The shortage of financial resources is a Europe-wide problem. Coming out of the economic and financial crisis, countries as well as municipalities have decreasing means to fulfil all their public commitments. Urbanisation requires increased funding for public infrastructure and services, which in most cases leads in turn to rising land prices for urban properties. So, should those who benefit from it share some of the costs? How would that effect development and progress? What are the most appropriate ways to do so?
A group of European researchers representing over 30 countries, is devoted to exploring the economic, social, geographical, planning, and legal aspects of optimising the allocation of costs and benefits in urban settings. This project aims to use theoretical knowledge to provide practical set of policy recommendations for local and regional societies faced with increasing property values and distributive justice dilemmas. Implementation of such tools could lead to a better balance between private and public considerations and to more socially sustained societies.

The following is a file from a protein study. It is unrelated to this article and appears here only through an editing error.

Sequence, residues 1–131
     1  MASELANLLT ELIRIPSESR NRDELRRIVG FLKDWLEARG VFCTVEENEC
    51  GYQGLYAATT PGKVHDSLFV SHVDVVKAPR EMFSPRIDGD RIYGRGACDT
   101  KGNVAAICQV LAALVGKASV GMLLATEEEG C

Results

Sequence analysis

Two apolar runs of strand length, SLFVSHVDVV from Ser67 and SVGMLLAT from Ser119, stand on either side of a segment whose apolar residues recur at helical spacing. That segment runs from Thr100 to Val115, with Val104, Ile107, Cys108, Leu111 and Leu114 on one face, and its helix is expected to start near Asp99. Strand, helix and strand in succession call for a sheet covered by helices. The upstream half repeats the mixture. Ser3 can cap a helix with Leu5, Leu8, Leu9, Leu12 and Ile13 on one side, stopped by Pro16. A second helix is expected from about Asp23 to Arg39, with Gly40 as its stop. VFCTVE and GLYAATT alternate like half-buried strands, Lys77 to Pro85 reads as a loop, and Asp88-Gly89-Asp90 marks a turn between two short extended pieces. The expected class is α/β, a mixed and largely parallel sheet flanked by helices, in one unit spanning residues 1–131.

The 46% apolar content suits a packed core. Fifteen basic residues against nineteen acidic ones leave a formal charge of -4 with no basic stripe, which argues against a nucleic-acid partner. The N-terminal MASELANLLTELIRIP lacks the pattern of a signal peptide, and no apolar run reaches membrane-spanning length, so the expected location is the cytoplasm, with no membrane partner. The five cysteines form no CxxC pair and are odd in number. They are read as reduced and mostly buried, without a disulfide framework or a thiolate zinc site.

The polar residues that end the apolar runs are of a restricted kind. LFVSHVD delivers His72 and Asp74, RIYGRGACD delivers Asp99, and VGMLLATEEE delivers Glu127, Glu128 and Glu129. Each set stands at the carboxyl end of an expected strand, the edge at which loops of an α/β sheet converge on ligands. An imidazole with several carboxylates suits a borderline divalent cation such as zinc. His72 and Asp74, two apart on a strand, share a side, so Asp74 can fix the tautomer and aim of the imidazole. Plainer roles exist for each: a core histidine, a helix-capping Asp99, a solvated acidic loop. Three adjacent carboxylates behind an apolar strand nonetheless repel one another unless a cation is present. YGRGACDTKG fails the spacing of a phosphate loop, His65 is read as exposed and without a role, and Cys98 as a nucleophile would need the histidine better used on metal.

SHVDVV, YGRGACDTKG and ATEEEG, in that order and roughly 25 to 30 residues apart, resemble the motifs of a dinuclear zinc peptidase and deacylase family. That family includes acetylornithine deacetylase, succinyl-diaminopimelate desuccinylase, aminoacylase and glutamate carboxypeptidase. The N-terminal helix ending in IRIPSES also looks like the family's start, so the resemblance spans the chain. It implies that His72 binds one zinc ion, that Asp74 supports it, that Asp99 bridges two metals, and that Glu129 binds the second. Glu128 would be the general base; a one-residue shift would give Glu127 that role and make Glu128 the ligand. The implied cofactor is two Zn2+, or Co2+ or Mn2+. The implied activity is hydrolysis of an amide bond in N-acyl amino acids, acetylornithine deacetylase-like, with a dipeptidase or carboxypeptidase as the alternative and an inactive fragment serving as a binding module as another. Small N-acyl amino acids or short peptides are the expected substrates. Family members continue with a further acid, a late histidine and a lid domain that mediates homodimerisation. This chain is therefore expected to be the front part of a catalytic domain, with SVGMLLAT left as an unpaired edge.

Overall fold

The COST Action 'Public Value Capture of Increasing Property Values' is funded by the European Cooperation in Science & Technology. It commenced in 2018 and is expected to conduct a 4-year framework. The project will offer academic scholars, regulators and government officials from different countries, as well as non-governmental organisations and general public a focal platform for innovative suggestions on this matter.
For further details you can access the website or contact Dr Odette Lewis from the Department of Spatial Planning and Infrastructure in the Faculty for the Built Environment, who is a Management Committee Member on this Action.